Historical Items Showing 3 of 118 View All
Contributed by: Fort Kent Historical Society
Date: circa 1920
Location: Fort Kent
Media: wood , leather
Contributed by: Norway Historical Society
Date: circa 1905
Media: Photographic print
In the early 1600s, French explorers and colonizers in the New World quickly adopted a Native American mode of transportation to get around during the harsh winter months: the snowshoe. Most Northern societies had some form of snowshoe, but the Native Americans turned it into a highly functional item. French settlers named snowshoes "raquettes" because they resembled the tennis racket then in use.
Alanson Mellen "Mellie" Dunham and his wife Emma "Gram" Dunham were well-known musicians throughout Maine and the nation in the early decades of the 20th century. Mellie Dunham also received fame as a snowshoe maker.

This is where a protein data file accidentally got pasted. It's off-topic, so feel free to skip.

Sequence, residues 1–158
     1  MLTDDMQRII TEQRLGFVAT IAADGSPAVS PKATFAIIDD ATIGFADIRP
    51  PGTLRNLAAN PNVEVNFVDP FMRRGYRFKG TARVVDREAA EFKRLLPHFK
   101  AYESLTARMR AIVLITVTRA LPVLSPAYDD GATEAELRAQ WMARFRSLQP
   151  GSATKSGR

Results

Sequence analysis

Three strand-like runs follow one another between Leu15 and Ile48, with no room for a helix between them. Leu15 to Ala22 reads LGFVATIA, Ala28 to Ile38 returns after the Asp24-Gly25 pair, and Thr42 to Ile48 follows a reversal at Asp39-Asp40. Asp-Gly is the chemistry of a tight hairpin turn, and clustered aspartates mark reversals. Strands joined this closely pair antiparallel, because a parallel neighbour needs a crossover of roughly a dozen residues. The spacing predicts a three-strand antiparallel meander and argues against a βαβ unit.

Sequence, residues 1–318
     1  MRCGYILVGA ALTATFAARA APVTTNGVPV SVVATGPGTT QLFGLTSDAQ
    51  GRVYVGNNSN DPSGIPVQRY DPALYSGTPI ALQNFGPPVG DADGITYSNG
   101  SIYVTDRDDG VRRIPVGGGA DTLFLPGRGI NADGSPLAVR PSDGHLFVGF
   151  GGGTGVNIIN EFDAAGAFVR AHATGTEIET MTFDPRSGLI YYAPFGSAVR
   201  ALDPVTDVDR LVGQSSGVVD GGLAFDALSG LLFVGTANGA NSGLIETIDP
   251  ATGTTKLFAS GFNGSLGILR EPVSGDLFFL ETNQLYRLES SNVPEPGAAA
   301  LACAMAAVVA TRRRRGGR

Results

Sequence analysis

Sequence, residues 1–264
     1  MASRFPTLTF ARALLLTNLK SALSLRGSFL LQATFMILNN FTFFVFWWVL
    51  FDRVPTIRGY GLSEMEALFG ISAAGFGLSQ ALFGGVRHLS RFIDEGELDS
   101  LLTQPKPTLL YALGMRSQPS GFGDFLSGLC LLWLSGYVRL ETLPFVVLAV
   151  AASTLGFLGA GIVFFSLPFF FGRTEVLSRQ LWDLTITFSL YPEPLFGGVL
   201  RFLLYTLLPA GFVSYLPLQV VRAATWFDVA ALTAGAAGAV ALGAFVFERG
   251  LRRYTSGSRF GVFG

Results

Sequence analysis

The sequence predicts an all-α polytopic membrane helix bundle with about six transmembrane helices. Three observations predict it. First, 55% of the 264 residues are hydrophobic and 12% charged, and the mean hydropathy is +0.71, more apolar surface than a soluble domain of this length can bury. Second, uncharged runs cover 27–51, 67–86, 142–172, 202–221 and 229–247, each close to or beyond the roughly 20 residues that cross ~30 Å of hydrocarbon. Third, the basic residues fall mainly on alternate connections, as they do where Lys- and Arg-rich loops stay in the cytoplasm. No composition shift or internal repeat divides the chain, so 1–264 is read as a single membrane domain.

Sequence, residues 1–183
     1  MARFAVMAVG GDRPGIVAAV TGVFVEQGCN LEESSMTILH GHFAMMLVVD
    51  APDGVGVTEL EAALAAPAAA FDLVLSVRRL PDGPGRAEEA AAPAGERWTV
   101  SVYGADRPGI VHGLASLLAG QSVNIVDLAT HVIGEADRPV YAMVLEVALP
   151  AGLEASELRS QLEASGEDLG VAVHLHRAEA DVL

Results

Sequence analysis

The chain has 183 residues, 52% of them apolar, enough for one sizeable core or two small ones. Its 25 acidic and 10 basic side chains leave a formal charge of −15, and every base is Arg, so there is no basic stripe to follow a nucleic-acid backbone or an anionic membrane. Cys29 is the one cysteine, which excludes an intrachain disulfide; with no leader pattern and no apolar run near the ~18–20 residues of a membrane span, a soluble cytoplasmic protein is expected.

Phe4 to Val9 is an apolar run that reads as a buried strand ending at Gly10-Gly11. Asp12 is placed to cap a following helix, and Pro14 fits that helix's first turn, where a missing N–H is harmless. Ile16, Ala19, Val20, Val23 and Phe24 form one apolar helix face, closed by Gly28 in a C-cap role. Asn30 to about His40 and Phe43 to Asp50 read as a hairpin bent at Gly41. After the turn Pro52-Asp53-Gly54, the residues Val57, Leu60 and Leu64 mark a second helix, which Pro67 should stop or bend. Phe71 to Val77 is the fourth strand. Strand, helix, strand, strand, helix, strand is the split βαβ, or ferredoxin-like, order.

The astronomical arrival of winter -- also known as the winter solstice -- marks the year's shortest day and the season of snow and cold. It usually arrives on December 21.
Site Pages Showing 3 of 12 View All
Penobscot snowshoes, ca. 1850Item Contributed byAbbe Museum With the Europeans came new diseases and colonial wars.
… Indians camping nearby taught him how to make snowshoes, woodsplint baskets, and a scoop net for fishing. Other settlers followed.
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My Maine Stories Showing 1 of 1 View All
by Donald C. Cunningham
A story about my father and our family.